Policing the pandemic: Public health, law enforcement, and the use of force

  • Auke J. van Dijk Netherlands National Police, The Hague, Netherlands.
  • Clifford Shearing Law Faculty, University of Cape Town, Cape Town, South Africa; Griffith Institute of Criminology, Griffith University, Brisbane, Australia; School of Criminology, University of Montreal, Montréal, QC, Canada.
  • Gary Cordner Education & Training Section, Baltimore Police Department, Baltimore, MD, USA.
Keywords: COVID-19, decoupled, crisis, criminal justice, Bittner


This article delves into the relationship between policing and public health in the context of the COVID-19 pandemic. The police have been seen as a crucial and extensively mobilised resource that has been utilised in responding to a public health crisis. The response to the pandemic shows the police mainly as enforcing state orders in which they have a traditional function related to the use of force. It is argued here that the classic definition of policing in terms of the use of force allows for the police becoming ‘decoupled’ from the institutional frames of criminal justice and public order. The perspective of a decoupled police would have real consequences for their involvement in public health. The article concludes with the conditions necessary for police to be a legitimate force in the public health domain.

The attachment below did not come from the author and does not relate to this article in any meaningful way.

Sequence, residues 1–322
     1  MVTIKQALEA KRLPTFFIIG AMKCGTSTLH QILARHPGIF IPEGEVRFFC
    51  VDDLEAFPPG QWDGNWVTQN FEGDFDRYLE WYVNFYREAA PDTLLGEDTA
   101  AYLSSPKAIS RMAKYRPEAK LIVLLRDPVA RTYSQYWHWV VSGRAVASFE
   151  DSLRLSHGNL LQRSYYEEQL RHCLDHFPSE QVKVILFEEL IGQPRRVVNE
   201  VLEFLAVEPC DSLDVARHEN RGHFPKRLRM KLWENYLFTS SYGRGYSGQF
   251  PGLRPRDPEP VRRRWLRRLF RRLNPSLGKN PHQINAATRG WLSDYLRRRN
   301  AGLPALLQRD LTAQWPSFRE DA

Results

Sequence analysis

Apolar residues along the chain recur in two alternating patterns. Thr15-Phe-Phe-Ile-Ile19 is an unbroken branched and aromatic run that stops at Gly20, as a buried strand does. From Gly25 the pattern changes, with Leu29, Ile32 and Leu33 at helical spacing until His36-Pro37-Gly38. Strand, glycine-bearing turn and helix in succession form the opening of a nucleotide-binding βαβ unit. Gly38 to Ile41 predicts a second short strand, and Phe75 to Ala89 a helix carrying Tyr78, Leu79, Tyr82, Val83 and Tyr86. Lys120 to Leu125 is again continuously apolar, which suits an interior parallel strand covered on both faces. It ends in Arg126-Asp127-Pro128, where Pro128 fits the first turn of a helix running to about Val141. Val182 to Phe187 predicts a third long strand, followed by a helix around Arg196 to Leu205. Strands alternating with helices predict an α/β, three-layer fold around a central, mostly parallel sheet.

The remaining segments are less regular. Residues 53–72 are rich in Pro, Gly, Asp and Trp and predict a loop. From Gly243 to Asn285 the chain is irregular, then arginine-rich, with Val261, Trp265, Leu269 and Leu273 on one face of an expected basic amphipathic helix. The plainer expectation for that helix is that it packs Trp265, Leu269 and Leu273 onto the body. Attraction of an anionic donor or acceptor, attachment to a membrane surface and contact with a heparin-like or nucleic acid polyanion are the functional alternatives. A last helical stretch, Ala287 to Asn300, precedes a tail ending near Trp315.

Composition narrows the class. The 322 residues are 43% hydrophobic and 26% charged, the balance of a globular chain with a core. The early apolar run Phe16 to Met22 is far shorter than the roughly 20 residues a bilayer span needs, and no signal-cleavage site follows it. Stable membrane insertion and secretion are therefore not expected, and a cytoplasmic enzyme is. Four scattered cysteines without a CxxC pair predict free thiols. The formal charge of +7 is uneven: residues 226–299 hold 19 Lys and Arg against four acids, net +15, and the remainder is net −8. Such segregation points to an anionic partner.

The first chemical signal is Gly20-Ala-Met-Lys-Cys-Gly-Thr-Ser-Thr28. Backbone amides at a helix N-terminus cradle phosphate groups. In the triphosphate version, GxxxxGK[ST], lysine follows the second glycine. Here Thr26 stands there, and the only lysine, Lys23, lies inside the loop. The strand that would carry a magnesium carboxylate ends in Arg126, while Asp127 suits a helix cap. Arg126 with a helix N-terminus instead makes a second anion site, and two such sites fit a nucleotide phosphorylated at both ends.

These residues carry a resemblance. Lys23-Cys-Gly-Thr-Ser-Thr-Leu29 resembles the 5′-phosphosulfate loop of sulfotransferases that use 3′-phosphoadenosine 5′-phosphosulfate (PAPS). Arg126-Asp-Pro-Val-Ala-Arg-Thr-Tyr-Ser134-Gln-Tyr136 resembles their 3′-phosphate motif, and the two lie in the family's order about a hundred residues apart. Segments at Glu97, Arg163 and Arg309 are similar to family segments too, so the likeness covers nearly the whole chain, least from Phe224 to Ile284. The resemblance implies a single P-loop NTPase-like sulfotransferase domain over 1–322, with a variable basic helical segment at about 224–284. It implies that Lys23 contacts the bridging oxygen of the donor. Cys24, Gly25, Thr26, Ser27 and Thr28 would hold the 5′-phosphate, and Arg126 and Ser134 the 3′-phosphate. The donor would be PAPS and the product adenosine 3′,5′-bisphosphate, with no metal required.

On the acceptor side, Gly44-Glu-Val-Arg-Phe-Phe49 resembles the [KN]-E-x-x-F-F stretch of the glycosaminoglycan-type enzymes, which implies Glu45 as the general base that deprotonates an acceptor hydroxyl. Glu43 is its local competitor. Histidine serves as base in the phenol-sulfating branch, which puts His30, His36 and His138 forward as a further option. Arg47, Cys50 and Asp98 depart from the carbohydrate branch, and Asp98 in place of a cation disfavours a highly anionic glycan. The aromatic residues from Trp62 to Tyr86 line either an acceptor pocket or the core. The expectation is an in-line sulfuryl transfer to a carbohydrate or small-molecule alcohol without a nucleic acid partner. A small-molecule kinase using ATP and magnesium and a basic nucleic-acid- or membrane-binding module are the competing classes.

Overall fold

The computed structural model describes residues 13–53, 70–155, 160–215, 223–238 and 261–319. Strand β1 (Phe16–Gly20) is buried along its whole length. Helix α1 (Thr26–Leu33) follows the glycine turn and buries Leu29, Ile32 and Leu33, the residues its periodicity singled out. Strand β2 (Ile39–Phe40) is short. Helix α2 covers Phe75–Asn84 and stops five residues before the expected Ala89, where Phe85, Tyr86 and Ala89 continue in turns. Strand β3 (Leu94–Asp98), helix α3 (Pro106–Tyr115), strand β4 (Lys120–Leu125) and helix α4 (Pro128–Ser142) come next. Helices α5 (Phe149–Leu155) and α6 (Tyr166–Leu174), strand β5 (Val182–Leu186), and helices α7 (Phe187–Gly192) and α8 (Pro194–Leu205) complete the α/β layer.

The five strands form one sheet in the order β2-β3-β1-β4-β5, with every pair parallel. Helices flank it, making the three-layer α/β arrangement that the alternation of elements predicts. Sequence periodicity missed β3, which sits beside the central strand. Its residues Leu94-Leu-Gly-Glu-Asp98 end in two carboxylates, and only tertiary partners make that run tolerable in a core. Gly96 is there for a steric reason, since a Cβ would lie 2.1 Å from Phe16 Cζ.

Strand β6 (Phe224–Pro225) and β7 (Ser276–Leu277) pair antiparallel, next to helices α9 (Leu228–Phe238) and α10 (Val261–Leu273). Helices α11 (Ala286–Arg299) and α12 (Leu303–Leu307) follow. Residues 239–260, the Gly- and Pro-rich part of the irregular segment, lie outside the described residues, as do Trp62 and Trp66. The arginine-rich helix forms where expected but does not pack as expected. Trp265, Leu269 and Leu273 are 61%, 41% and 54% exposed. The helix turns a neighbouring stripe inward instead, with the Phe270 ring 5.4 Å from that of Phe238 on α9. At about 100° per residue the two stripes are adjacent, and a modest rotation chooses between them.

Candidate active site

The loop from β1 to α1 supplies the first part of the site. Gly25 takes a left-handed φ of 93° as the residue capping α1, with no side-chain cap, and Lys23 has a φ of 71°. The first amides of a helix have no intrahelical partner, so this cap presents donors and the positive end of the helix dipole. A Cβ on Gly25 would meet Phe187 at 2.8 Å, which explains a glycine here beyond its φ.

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How to Cite
van DijkA. J., ShearingC., & CordnerG. (2022). Policing the pandemic: Public health, law enforcement, and the use of force. Journal of Community Safety and Well-Being, 7(2), 67-74. https://doi.org/10.35502/jcswb.246
Original Research